With small returns on the Zimbabwe Stock Exchange (ZSE), local investors with limited funds have been urged to pool their resources and look for alternative investment options.
Since dollarisation three years ago, small investors have been searching for viable investment options with little success as returns on their investment has in most cases been insignificant.
Those that had invested on the stock market saw value being eroded after shares underperformed owing to economy-wide liquidity constraints and indigenisation worries.
Banks have not been offering favourable interest rates on savings, a development that has discouraged banking culture in the country.
Financial institutions, including banks, have also not been providing enough incentives for locals to invest.
Economist John Robertson said the possible way forward was for small investors to form partnerships.
Form partnerships. This is a characteristic that is missing in this country, said Robertson. People lack trust for each other in this country. Small investors can combine their skills and produce a product that they can sell.
There is no point in buying shares that will give you a few dollars when you can take $3 and sell something and get $10 and produce more. It however requires knowledge of what the market wants.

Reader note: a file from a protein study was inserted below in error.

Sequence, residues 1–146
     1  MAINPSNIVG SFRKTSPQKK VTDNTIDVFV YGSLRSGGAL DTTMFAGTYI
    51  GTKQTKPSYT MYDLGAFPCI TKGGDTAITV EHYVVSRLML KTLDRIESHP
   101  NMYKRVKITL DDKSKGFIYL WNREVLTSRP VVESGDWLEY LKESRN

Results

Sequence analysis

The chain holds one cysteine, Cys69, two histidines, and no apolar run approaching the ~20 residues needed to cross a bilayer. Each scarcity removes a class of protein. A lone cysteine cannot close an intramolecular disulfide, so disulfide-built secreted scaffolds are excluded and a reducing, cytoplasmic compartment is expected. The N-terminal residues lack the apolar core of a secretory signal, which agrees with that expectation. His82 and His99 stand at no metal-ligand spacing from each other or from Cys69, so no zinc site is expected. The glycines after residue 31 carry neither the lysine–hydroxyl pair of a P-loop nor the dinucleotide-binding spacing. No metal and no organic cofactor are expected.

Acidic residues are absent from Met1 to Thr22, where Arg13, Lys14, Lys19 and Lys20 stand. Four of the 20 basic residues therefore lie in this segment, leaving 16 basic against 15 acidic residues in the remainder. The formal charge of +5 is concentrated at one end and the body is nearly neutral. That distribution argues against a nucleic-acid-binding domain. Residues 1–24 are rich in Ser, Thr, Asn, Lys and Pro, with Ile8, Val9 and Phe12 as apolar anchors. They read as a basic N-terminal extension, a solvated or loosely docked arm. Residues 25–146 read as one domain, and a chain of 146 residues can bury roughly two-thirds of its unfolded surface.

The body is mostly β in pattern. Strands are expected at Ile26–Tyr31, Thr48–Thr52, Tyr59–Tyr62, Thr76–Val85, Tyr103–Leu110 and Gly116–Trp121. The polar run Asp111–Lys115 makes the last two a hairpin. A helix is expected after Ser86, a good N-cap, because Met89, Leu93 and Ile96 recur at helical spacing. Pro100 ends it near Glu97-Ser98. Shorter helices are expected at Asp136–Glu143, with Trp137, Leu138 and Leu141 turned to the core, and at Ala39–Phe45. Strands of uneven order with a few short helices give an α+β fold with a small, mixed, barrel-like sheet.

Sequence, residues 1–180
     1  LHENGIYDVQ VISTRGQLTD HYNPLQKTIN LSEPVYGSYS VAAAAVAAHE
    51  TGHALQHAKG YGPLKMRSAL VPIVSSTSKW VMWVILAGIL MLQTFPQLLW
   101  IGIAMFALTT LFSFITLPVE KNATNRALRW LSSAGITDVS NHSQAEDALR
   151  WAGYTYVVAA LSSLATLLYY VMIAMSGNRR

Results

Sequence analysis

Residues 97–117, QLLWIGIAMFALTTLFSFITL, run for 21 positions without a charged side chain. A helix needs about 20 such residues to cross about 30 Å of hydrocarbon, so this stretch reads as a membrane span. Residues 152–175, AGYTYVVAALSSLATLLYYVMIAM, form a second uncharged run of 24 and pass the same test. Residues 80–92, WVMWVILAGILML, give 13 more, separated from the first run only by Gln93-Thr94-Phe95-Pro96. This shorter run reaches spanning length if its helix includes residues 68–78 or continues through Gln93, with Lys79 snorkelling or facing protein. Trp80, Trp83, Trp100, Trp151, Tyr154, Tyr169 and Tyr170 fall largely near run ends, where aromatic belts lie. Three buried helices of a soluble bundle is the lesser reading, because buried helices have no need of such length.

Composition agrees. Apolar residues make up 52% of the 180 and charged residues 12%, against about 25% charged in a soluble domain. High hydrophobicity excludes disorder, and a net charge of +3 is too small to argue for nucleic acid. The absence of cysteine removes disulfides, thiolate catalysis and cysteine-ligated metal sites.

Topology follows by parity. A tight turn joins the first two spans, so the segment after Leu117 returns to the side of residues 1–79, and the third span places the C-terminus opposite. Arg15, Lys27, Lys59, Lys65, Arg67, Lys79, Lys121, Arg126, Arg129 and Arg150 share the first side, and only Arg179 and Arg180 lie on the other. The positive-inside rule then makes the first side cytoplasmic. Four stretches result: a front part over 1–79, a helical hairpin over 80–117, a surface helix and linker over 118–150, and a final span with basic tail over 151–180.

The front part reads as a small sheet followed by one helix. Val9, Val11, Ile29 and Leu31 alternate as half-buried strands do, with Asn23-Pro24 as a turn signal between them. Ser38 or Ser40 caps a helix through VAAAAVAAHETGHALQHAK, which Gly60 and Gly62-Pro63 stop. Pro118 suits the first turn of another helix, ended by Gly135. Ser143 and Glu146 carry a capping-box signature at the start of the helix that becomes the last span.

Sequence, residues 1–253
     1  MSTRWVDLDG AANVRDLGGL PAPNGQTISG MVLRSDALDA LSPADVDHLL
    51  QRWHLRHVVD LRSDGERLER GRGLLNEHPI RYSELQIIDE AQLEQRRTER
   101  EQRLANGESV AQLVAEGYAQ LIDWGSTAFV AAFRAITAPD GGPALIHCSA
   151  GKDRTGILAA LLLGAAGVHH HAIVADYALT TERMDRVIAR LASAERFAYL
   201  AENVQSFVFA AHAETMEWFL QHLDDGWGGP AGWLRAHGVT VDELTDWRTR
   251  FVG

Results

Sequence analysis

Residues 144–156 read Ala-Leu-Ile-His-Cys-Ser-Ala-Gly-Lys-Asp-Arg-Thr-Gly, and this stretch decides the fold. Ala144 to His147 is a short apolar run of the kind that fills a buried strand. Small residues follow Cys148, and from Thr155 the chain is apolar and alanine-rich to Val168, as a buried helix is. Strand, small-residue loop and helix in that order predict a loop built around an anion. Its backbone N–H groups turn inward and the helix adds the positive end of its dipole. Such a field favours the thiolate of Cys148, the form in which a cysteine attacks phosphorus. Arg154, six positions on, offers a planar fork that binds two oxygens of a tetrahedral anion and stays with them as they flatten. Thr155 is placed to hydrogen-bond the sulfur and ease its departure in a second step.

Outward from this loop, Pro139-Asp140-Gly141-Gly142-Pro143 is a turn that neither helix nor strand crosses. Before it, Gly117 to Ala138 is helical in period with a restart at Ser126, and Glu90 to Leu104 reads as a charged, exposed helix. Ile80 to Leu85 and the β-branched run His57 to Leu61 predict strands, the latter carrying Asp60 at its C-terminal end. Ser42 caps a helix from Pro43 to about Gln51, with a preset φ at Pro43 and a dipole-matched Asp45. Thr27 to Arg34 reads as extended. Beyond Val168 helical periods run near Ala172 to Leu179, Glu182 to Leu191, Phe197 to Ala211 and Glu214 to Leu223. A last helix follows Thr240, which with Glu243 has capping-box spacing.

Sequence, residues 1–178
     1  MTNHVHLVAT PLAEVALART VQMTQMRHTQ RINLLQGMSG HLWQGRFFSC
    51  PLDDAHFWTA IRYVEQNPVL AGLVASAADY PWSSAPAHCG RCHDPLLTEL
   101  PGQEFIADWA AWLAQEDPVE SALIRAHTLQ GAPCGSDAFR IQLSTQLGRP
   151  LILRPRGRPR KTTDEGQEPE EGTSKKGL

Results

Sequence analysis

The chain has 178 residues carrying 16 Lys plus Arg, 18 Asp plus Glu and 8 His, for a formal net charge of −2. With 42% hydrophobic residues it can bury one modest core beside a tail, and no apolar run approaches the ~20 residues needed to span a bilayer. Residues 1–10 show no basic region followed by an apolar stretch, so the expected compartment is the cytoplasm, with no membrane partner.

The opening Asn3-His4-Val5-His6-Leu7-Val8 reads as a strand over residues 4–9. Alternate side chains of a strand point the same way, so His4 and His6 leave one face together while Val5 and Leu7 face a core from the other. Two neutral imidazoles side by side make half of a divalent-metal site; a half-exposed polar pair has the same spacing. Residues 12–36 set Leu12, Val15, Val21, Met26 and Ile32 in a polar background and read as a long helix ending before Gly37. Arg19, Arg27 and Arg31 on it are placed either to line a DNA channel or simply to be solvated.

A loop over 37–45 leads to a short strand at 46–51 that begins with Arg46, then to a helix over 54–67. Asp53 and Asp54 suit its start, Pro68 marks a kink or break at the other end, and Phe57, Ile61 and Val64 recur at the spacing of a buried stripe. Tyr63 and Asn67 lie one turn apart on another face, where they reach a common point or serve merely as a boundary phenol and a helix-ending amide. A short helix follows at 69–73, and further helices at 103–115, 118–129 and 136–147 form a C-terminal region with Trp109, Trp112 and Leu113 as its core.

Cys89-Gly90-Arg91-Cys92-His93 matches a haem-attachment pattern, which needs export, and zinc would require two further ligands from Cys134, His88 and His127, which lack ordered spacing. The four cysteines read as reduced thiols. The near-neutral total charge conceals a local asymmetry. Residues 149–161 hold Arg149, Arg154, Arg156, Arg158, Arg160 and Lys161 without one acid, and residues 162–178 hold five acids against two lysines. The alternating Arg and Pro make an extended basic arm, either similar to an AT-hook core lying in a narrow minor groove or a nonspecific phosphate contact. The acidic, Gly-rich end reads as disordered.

A few listed companies such as Innscor, Colcom, National Foods and Fidelity Life last year declared dividends.
Robertson said investors can either look at a start-up or buying into an existing business.
He said only blue-chip counters were currently declaring dividends while penny stocks were not.
Robertson said people may also invest in themselves especially in skills that they do not possess.
Another analyst said investing in unit trusts was another available alternative given that risk is spread over many counters.
A unit trust is a pool of funds that is invested in several companies as a way to spread the risk.
Investors can invest with as little as $100 in a unit trust and the risk is spread, the analysts said.
An official from the ZSE said only blue-chip counters were declaring dividend while small counters were not, meaning small investors could go for long periods without getting a dividend.
Money market fund managers minimum is $10 000 capital for 14 days or 90 days. The amount is prohibitive for investors, he said.
He noted the stock market may be a better option for small investors when the economic environment has improved.
Some listed companies have since dollarisation failed to declare a dividend, leaving small investors in a quandary as to what they should donext.